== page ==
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No one wants a needle to get stuck twice, so naturally many think COVID-19, which provides protection against disease after a single injection, is a good thing.
Two new studies published today suggest that this may be possible.
Both studies involved rhesus macaque monkeys. In one study, researchers at the Beth Israel Deacon Medical Center and the pharmaceutical company Janssen injected either a vaccine candidate or an inert placebo. Six weeks after vaccination, the researchers infected the animals with coronavirus, both in the nose and in the throat.
All 20 animals who received an inert placebo injection showed signs of lung and nasal infection after exposure to the virus. But one of the vaccine candidates seemed quite effective in preventing infection. Of the six animals vaccinated with this particular candidate, none had signs of infection in the lungs and only one showed signs of infection in the nose.
It is the parent company of the Janssen candidate, Johnson & Johnson has decided to start testing people. Initial trials began this week.
The vaccine is a so-called viral vector vaccine. It uses a harmless virus to transmit genetic material from the coronavirus to the person being vaccinated. This is the approach the company has been taking for many years.
“We have now vaccinated 80,000 people against various vectors,” said Paul Stoffels, chief science officer at Johnson & Johnson. And of course it’s safe.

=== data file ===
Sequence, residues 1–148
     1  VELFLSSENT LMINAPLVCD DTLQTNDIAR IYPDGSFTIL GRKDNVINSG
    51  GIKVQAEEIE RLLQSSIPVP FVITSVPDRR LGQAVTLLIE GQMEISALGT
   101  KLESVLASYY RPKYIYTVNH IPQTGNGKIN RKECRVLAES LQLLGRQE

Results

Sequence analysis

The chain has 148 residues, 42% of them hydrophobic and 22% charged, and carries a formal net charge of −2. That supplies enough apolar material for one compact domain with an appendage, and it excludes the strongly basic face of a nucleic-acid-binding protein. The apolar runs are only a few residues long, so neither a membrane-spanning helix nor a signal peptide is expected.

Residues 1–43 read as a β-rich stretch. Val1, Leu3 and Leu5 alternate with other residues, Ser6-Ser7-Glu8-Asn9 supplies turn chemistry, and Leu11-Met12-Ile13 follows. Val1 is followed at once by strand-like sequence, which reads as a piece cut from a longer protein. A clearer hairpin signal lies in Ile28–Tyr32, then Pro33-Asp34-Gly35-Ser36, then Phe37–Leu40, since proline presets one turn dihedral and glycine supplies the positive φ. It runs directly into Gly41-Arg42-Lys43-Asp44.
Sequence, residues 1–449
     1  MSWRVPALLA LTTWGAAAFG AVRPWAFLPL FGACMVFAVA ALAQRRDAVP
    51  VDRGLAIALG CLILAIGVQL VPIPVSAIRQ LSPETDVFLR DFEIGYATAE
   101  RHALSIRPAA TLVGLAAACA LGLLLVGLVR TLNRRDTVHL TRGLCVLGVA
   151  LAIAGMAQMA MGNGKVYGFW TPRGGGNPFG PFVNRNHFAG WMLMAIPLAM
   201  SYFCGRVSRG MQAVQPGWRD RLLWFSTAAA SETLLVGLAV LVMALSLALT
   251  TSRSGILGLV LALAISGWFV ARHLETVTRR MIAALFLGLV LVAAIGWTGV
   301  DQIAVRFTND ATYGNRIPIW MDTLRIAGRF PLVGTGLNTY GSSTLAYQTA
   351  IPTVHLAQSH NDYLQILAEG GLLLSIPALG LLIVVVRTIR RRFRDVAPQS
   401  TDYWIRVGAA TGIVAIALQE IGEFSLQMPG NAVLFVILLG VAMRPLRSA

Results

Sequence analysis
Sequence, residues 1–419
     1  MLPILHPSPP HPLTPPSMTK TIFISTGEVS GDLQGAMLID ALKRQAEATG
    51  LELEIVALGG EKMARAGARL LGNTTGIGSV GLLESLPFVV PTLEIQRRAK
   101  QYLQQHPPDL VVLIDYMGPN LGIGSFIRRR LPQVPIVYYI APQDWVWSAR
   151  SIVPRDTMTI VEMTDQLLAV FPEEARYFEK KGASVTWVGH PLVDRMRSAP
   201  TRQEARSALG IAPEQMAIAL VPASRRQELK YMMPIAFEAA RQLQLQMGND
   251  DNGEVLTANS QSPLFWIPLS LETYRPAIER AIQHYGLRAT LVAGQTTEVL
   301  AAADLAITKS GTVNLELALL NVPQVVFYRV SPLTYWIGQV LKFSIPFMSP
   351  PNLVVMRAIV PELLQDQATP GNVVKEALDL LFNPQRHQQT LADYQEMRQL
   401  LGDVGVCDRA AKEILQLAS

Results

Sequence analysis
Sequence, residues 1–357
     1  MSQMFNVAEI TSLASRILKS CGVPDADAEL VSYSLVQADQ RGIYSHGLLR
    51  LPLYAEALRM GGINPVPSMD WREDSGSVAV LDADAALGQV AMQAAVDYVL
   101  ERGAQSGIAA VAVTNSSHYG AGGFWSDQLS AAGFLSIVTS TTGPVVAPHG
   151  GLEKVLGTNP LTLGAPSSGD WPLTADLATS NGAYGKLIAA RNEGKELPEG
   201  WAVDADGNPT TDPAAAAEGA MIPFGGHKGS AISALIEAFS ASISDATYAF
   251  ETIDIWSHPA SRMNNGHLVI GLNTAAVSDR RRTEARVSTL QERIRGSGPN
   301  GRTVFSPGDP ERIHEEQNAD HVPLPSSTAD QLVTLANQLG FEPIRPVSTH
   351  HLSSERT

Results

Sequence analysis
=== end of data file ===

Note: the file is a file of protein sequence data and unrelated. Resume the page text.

In another study, researchers at the National Institute of Allergy and Infectious Diseases tested another viral vector vaccine, developed by Oxford University. Some animals are vaccinated once, others twice. As in another study, the investigator infected the monkeys with the virus and waited for what would happen.
None of the vaccinated monkeys developed the disease, but all of them still showed signs of active upper respiratory tract infection.
From July 1. Approximately 8,000 volunteers participated in the study on the Oxford vaccine. If it is proven to prevent human disease, that would certainly be a good thing. But if this does not prevent an upper respiratory infection, it means that the vaccinated person can still spread the disease.
A third study published earlier this week, which also involved macaques, suggested the vaccine being developed at the National Institutes of Health, and the biotechnology company Moderna is also proving that it can prevent COVID-19.
“I think it’s gratifying,” said Carlos del Rio, a professor of medicine and epidemiology at Emory University School of Medicine. “But at the end of the day, it’s just animal models.”
He says that only when tests are performed on humans will we really know how effective the tested vaccines will be.